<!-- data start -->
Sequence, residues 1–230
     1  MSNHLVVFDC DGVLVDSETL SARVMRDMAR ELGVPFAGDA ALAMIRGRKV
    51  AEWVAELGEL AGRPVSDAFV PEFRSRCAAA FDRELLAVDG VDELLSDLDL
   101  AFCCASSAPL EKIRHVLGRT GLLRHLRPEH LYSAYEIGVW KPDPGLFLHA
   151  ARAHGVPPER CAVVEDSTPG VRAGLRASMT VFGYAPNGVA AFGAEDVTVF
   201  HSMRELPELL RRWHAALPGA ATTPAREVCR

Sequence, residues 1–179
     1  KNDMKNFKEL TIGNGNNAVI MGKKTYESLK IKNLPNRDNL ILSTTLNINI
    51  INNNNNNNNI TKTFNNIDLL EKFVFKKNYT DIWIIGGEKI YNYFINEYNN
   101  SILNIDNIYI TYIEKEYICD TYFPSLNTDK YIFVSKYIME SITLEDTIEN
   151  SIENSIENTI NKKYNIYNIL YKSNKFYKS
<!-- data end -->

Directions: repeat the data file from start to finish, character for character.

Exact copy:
Sequence, residues 1–230
     1  MSNHLVVFDC DGVLVDSETL SARVMRDMAR ELGVPFAGDA ALAMIRGRKV
    51  AEWVAELGEL AGRPVSDAFV PEFRSRCAAA FDRELLAVDG VDELLSDLDL
   101  AFCCASSAPL EKIRHVLGRT GLLRHLRPEH LYSAYEIGVW KPDPGLFLHA
   151  ARAHGVPPER CAVVEDSTPG VRAGLRASMT VFGYAPNGVA AFGAEDVTVF
   201  HSMRELPELL RRWHAALPGA ATTPAREVCR

Sequence, residues 1–179
     1  KNDMKNFKEL TIGNGNNAVI MGKKTYESLK IKNLPNRDNL ILSTTLNINI
    51  INNNNNNNNI TKTFNNIDLL EKFVFKKNYT DIWIIGGEKI YNYFINEYNN
   101  SILNIDNIYI TYIEKEYICD TYFPSLNTDK YIFVSKYIME SITLEDTIEN
   151  SIENSIENTI NKKYNIYNIL YKSNKFYKS